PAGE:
Baby Driver is hell on wheels. And I do mean hell.
Do not follow this vehicle; it’s prone to making sudden stops and turns even if it does always signal beforehand (or wink as we say in the UK, appropriately so).
If you’re willing to suspend disbelief for two earsplitting hours then you might just enjoy writer/director Edgar Wright’s cacophony of wall-to-wall car chases writ large with floor-to-ceiling selections of hip party tunes, since that’s pretty much all Baby Driver is—screamin’ wheels, burnin’ rubber, and stock car smash-ups orchestrated to the likes of Queen, The Damned, and The Jon Spencer Blues Explosion. But I wasn’t and I didn’t, because I know Wright to be bigger than this.
The source of all the tuneage? Our titular Baby—that’s B.A.B.Y. Baby of course—played with adolescent disinterest by Allegiant’s Ansel Elgort, a pair of earbuds forever planted in his golden auricles. Miraculously, he can still parrot back everything he’s supposed to be listening to, like every step of each One Last Heist. He also wears retro sunglasses so he must be cool, right? Baby’s crime boss, Doc, to whom the young pup is interminably indebted, is played by a meanypants Kevin Spacey, who talks in a clipped, arty way to remind us that, while he might be a bad guy, at least he’s a cool bad guy. Apparently Jamie Foxx, who plays an off-kilter crew member called Bats, stayed on set to listen even when he wasn’t required for the scene, so clearly Spacey’s affect wasn’t wasted on everyone.
Doc reminds Baby that he never uses the same crew twice… and then uses the same crew twice (Foxx, Jon Hamm, and telenovela star Eiza Gonzalez likely wanted more action than just that opening scene). Baby, while youthful, is the best goddamn wheelman in the business, yet the Atlanta police force has little trouble in tailgating his various rides all over The Big Peach and back again. And in all of those car chases there’s only one scene that’s anything approaching original—kinda cool, almost—but it requires the viewer to suspend disbelief even further. Illogic breeds contempt here… unless you’ve already opted to Just Go With It.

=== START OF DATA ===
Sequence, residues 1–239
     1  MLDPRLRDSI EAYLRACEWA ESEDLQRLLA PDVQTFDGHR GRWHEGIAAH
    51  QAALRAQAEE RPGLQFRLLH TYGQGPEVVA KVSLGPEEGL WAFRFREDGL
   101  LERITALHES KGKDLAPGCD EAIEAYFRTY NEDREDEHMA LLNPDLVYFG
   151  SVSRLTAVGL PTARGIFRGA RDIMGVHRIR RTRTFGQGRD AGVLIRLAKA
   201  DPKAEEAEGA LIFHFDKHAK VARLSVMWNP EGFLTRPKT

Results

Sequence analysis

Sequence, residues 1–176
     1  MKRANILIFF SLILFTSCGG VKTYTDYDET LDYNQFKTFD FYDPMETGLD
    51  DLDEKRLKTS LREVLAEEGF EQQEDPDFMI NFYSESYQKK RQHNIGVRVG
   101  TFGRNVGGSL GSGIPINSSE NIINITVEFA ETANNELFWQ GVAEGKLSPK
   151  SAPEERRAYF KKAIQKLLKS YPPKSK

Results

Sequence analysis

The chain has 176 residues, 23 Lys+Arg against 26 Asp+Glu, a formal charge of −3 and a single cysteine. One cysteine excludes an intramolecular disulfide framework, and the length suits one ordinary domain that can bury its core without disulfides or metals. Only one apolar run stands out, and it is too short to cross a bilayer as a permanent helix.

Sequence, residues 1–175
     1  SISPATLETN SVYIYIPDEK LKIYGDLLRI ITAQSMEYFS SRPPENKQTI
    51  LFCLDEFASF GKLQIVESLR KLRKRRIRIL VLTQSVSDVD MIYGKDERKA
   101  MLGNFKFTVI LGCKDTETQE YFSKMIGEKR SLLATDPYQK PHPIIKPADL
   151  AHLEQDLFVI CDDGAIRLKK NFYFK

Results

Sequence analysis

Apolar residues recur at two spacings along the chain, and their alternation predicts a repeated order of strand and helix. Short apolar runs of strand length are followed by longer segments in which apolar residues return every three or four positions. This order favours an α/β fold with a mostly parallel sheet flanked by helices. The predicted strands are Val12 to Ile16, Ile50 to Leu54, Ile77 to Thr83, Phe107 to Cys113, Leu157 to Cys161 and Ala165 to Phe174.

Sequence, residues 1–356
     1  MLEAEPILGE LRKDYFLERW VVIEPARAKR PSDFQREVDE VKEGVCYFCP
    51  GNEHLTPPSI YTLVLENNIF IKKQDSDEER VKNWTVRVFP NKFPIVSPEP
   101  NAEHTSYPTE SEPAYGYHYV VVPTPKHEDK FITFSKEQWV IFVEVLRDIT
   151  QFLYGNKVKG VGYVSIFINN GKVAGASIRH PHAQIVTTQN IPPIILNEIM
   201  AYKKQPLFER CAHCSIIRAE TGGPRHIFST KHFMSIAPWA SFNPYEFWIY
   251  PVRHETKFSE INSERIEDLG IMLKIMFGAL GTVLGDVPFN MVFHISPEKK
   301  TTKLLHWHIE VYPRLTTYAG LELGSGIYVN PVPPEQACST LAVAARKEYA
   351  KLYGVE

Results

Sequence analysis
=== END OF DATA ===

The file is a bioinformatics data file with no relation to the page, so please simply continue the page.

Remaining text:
Baby has a hearing-impaired African-American foster father played by CJ Jones—how cool is that!? There is sort of a sweet love thing going on between Baby and Lily James’ Debora (cue T-Rex’s “Debora,” Beck’s “Debra”—you get the idea), who waitresses in the same sad-sack diner in which Baby’s (dead-by-auto) mom used to work, but they have nothing interesting to say to one another. Not one thing.
Lazy, noisy, and calculated to appeal to fanboys who wonder how their engines feel (ba ba ba ba), Baby Driver is 100% devoid of the wit, charm, and creativity abundant in Wright’s earlier films—the wonderfully entertaining Shaun of the Dead and Hot Fuzz, for example, both of which he co-wrote with Spaced’s Simon Pegg. (Even the more recent Scott Pilgrim vs. the World, which he didn’t, had its moments.) Perhaps Wright should consider re-employing Pegg for his next project, since the writing in Baby Driver stalls out in the driveway.
Maybe Wright was listening to Simon & Garfunkel’s “Baby Driver” one day and, in the absence of anything more substantive, decided to turn it into a fast and furious summer movie hit! With classic tunes! Fast and furious, sure. And if you groove to the likes of the “Harlem Shuffle,” “Tequila,” and Martha & The Vandellas doing their signature “Nowhere to Run,” then why not? But by trying too hard to be cool, Wright comes across as self-satisfyingly smug. And that’s not cool at all.
I’d have gone to see Baby Driver even if it didn’t have a 98% rating on Rotten Tomatoes, because I like Wright’s work. But I would have been a lot less disappointed.
(c) 2017 David N. Butterworth